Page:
Having moved in to a new place a few months ago I was once again greeted with the issue of not having an internet connection until the powers that be connected the relevant wires and flicked their respective switches. This; an all far too familiar occurrence I’ve had dealt with in a timely fashion in times gone by (it helped when you worked for a telco) would this time blow out to well over a month to which point relying on my iPhone would not cut it. Coming to my rescue a good friend (thank you Gavlar) bestowed upon me a USB wireless internet dongle that would suffice my addiction until normality was restored with some ADSL.
Armed with an Optus flashed Huawei E169 I was quick to find that at the time there was no software around that was compatible with the relevantly new Mac OS X – Snow Leopard (10.6.x). The solution was to set up the device as you would any other modem and install some lovely modem scripts and what not from Huawei’s website, this got you online but I then found my next problem, reception! It seemed that the Optus network had a little difficulty in particular areas of my CBD apartment and not having an real software to report things like signal strength and data network I spent a good amount of time walking around my place laptop in hands “guessing” that the reception was actually best 1m to the left of my kitchen stove at ground level laying on the floor.
As you can imagine I quickly got sick of that game and thusly decided I’d take a look at just how complicated it was to find out the signal strength was directly from the device. A few googles later and I’d opened a connection directly to the serial device through the terminal and was now actively seeing what I was after albeit in a rather nerdy fashion. Coincidently at the same time as this I was ploughing through Aaron Hillegass’ 3rd edition of “Cocoa Programming for Mac OS X” and thought to myself “Hey, why not create a program to scrape this nerdy jargon and present it visually.” and that’s exactly what I did.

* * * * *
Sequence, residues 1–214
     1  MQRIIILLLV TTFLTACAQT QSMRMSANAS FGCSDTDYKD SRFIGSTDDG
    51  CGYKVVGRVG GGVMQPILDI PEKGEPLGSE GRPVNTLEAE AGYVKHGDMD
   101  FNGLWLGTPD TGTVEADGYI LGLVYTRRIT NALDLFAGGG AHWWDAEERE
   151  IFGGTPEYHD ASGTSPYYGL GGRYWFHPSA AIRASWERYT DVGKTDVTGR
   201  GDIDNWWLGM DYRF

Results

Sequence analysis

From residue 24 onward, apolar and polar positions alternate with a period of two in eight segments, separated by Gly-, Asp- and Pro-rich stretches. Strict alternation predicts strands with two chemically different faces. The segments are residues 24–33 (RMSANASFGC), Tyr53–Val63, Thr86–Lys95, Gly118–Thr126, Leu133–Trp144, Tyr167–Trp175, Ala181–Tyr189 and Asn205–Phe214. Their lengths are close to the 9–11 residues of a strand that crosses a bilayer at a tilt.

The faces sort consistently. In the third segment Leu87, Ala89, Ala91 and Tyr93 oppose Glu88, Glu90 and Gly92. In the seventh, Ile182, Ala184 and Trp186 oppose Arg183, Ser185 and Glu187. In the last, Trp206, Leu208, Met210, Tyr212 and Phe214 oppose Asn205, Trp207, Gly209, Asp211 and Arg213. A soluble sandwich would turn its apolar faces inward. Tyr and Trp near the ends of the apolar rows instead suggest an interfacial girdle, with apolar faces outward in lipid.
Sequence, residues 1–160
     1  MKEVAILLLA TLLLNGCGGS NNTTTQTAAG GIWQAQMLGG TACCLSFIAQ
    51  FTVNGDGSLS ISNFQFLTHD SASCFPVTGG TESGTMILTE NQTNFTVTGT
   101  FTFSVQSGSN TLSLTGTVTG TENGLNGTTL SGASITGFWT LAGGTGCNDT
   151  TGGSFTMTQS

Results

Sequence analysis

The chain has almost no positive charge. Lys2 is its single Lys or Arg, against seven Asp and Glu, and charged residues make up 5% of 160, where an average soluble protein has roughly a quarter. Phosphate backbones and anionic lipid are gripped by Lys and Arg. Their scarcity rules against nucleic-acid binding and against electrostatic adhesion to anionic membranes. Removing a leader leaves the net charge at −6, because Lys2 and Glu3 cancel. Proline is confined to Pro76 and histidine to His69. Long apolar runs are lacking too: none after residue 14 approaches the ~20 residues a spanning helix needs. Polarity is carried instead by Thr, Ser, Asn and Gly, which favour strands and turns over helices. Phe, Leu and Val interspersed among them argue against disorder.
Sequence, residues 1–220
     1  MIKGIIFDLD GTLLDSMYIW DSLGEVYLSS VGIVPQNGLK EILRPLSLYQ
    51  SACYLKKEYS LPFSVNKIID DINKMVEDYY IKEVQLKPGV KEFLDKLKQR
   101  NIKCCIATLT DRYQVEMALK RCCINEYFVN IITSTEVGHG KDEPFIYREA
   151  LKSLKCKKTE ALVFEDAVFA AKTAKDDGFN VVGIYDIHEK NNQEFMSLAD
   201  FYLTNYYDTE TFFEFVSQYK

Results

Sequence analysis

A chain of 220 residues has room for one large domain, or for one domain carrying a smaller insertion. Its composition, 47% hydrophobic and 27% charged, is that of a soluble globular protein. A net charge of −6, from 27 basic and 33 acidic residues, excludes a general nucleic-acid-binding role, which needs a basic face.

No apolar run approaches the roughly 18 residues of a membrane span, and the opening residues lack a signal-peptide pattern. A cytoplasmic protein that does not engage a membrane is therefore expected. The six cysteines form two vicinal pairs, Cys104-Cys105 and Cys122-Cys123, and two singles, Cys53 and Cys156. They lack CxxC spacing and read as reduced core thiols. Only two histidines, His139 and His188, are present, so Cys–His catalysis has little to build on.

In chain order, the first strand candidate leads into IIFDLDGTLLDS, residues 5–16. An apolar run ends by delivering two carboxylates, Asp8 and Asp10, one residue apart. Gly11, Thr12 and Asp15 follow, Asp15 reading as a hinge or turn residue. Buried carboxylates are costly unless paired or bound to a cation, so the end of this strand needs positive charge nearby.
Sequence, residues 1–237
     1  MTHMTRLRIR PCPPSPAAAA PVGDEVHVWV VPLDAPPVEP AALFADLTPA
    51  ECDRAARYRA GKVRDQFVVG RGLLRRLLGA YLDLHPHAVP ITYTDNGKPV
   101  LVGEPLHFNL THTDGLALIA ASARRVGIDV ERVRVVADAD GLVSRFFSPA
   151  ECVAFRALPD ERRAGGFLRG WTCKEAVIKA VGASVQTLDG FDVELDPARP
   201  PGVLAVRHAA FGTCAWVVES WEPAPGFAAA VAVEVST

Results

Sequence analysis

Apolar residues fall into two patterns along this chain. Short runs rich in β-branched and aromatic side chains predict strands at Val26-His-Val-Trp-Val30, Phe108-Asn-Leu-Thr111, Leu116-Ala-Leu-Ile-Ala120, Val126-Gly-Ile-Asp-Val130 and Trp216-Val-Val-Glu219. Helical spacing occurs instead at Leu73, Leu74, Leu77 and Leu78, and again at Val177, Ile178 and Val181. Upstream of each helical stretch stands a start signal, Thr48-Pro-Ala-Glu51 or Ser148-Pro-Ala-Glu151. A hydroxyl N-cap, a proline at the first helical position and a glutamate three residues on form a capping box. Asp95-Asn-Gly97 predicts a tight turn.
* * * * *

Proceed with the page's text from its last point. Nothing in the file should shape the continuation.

So here you’ll find a little program I like to call the E169 Monitor, because that’s pretty much what it does, monitor your E169’s data connection reporting back on things like signal strength and network connection type (WCDMA, HSDPA, etc) as well as giving you a couple of buttons to connect and disconnect.
Credit where credit is due; a lot of the code in here would not have been possible had it not been for the wonderful AMSerialPort project that makes connecting and reading from serial (USB) connections so much easier than the standard Cocoa libraries and to make the whole connect/disconnect functionality work (and I’m still not sure I understand) I’ve borrowed heavily from the source of the now defunct CheetahWatch, a program which essentially did everything I’ve done and more back in the days of the E220 and OS X 10.4. I really wish this project was picked up again and nurtured because it is a really fantastic effort, if I actually owned one of these wireless cards I think I’d even try an revive it myself, even with my rather fledgling cocoa skills.
Rambling and thanks aside a link to my Xcode project is available here & below. Do with it as you will but please be aware that I’m offering no support, this is all just a learning experience for me that I thought others may find useful. I’ve only tested this code on my own machine, an Intel based MBP running 10.6.2. I hope you can get some use out of it, I had fun doing it and throwing back to the days I used to have to manually enter AT commands to dial the local BBS.
Download my E169 Monitor Xcode Project files. (3.1MB)